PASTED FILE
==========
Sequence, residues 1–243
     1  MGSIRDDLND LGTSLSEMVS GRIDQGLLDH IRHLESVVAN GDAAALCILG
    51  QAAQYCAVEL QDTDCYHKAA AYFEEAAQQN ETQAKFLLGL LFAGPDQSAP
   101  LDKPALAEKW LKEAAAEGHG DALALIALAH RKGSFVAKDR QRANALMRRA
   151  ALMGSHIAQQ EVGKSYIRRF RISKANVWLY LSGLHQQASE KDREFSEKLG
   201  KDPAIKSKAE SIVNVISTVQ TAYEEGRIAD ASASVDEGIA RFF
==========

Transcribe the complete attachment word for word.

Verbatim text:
Sequence, residues 1–243
     1  MGSIRDDLND LGTSLSEMVS GRIDQGLLDH IRHLESVVAN GDAAALCILG
    51  QAAQYCAVEL QDTDCYHKAA AYFEEAAQQN ETQAKFLLGL LFAGPDQSAP
   101  LDKPALAEKW LKEAAAEGHG DALALIALAH RKGSFVAKDR QRANALMRRA
   151  ALMGSHIAQQ EVGKSYIRRF RISKANVWLY LSGLHQQASE KDREFSEKLG
   201  KDPAIKSKAE SIVNVISTVQ TAYEEGRIAD ASASVDEGIA RFF